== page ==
The finalists of the 1983 edition of the tournament had a contrasting performance the following edition. Brimming with confidence, the Indian team dreamed big of a successful title defence in home soil, while the West Indies wanted to reclaim the cup.
Having played three consecutive finals and emerging victorious the first two times, Viv Richards' men had all the right to believe they could complete the quest successfully. However, it was not to be.
As the tournament slowly progressed, the world realised that the famous Carribean fast bowlers have lost their teeth and batsmen were not enough to contain this flaw.
While the Windies could only manage three victories in the whole tournament including two against a lowly Sri Lanka, their opponents from the previous editions' summit clash slowly picked up after an initial narrow loss against Australia to progress into the semi-finals.
The penultimate nail in Windies' journey came courtesy of England in Jaipur. England had earlier shocked the Windies as well, when the two traditional sides met at Gujranwala on October 9.
Both sides were on eight points from four games coming into this contest in Jaipur with two games to play. Courtesy of their 34-run win, England claimed the upper hand and progressed to the semi-final while the two-time champions were knocked out after the group stage.
The victory came thanks to some classic batting by Graham Gooch and Allan Lamb at first, which was then followed by some tight bowling later, forcing a collapse.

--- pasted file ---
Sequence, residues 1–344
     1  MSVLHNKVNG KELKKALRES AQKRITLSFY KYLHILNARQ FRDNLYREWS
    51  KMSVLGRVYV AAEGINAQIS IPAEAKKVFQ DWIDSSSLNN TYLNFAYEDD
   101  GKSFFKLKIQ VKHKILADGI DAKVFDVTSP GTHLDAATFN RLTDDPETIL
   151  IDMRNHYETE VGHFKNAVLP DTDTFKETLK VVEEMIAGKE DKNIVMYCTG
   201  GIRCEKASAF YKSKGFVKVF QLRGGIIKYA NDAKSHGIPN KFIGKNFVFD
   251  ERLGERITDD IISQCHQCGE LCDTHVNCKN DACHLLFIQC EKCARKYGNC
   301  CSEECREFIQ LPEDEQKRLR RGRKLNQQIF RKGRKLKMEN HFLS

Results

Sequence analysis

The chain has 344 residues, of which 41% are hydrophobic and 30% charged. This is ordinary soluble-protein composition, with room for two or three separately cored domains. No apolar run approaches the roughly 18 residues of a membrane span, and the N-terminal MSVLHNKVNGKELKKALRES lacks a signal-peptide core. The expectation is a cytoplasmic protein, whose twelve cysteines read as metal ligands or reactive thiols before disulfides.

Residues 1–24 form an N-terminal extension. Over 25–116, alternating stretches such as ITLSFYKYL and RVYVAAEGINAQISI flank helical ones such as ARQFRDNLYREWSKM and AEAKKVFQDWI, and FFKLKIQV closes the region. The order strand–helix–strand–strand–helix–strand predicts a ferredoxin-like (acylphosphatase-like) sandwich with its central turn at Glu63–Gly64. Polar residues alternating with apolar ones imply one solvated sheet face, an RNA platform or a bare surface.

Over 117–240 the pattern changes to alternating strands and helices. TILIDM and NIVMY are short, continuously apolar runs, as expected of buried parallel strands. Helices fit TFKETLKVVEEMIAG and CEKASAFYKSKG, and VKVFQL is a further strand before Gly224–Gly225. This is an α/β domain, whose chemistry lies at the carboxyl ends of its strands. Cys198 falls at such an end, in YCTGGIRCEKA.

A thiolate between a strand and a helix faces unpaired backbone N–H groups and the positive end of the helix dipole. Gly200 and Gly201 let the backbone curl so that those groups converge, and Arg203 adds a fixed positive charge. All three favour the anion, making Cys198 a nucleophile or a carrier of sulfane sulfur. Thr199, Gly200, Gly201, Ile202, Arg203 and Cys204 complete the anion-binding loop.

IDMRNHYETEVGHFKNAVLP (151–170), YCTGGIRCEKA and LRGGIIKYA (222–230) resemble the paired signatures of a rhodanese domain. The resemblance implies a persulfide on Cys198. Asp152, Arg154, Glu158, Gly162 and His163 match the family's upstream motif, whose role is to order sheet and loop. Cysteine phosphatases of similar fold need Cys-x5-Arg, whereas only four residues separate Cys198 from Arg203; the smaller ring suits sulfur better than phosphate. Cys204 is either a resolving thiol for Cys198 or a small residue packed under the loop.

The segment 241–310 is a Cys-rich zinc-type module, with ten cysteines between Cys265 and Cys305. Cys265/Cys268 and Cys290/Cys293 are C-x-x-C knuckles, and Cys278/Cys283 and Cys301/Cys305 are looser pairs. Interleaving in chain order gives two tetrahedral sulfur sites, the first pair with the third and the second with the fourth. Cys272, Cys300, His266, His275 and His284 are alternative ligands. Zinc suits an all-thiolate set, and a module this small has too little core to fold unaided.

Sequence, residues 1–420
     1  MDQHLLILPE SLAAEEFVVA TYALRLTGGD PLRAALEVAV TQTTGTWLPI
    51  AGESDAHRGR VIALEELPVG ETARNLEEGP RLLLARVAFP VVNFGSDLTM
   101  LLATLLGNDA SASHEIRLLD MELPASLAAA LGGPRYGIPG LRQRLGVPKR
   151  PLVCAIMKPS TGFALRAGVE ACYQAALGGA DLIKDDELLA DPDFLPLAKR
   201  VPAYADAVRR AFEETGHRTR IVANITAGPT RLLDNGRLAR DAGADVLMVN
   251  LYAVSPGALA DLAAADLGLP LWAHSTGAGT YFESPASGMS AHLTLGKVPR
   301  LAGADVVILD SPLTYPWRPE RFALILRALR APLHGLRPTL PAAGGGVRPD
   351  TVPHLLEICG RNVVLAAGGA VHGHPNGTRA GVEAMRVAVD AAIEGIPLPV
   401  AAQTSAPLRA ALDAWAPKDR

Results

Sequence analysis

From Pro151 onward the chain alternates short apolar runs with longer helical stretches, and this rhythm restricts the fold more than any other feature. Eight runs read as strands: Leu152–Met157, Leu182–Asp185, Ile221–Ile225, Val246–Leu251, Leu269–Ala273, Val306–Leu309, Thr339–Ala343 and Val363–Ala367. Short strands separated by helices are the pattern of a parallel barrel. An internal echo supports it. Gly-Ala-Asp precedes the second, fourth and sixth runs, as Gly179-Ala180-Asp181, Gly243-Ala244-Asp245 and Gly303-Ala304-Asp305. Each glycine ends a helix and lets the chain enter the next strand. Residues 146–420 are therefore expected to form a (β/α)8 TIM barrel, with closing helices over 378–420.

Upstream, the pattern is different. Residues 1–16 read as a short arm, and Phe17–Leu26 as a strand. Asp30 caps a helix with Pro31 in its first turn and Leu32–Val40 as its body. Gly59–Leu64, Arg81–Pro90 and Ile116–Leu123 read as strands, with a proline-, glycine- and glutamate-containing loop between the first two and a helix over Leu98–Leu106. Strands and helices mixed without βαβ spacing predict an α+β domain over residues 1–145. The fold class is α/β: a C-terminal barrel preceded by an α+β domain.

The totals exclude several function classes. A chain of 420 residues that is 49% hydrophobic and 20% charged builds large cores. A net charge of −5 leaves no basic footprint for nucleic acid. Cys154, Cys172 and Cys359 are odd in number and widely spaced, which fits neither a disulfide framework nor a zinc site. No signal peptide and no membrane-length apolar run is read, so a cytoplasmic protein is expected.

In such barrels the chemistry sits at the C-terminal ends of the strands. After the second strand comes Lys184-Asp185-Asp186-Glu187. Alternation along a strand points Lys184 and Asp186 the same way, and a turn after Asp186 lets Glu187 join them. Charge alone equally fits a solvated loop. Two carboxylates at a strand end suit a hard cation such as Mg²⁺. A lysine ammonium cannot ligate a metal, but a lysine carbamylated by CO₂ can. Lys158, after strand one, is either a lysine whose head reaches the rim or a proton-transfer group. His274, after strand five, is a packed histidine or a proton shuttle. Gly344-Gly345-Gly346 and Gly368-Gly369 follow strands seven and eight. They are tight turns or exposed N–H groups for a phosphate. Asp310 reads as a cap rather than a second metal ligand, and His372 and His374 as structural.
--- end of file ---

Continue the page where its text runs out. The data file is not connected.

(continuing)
Gooch top-scored for England making 92 runs off 137 deliveries, while Lamb chipped in with his 52-ball 40. Captain Mike Gatting and John Emburey played crucial cameos as well, making 25 and 24 respectively.
Though Patrick Patterson picked up 3 wickets for 56 runs, England had no issues posting a challenging 269 runs on the board.
The two-time champions also started their chase strong. Richie Richardson (93 off 130) and Sir Viv Richards (51 off 51) built a strong partnership to get them close to victory. Every top-order batsmen except Desmond Haynes was able to make good contributions to the side.
But England under Phil DeFreitas made an unbelievable comeback. From 208/4, Windies crumbled to 224-9. Instead of cruising to victory, Windies lost five wickets for 16 runs, including the crucial wicket of Carl Hooper by DeFreitas, which set the collapse in motion.
It was only a matter of time before Winston Benjamin fell to DeFreitas, who instigated the collapse and finished off the game with the score at 235 to hand his side a famous victory.
While the West Indies failed to make it to the final four of the tournament for the first time, it was also the World Cup that marked the emergence of a new cricketing power - Australia.
Allan Border's Kangaroos first defeated sub-continent powerhouse and one of the title favourites Pakistan in the semis, before beating arch-rivals England by seven runs in the summit clash at the Wankhede Stadium to clinch the world title. The rest is history.